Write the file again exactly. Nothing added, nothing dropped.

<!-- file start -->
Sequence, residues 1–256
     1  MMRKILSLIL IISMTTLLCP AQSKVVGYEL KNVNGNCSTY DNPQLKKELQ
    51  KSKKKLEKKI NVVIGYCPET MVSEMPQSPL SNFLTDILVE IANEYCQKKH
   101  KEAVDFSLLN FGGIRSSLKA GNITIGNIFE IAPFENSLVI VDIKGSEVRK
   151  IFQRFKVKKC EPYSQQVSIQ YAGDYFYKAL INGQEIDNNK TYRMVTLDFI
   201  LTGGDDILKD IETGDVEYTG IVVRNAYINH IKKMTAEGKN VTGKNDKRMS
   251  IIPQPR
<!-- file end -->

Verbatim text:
Sequence, residues 1–256
     1  MMRKILSLIL IISMTTLLCP AQSKVVGYEL KNVNGNCSTY DNPQLKKELQ
    51  KSKKKLEKKI NVVIGYCPET MVSEMPQSPL SNFLTDILVE IANEYCQKKH
   101  KEAVDFSLLN FGGIRSSLKA GNITIGNIFE IAPFENSLVI VDIKGSEVRK
   151  IFQRFKVKKC EPYSQQVSIQ YAGDYFYKAL INGQEIDNNK TYRMVTLDFI
   201  LTGGDDILKD IETGDVEYTG IVVRNAYINH IKKMTAEGKN VTGKNDKRMS
   251  IIPQPR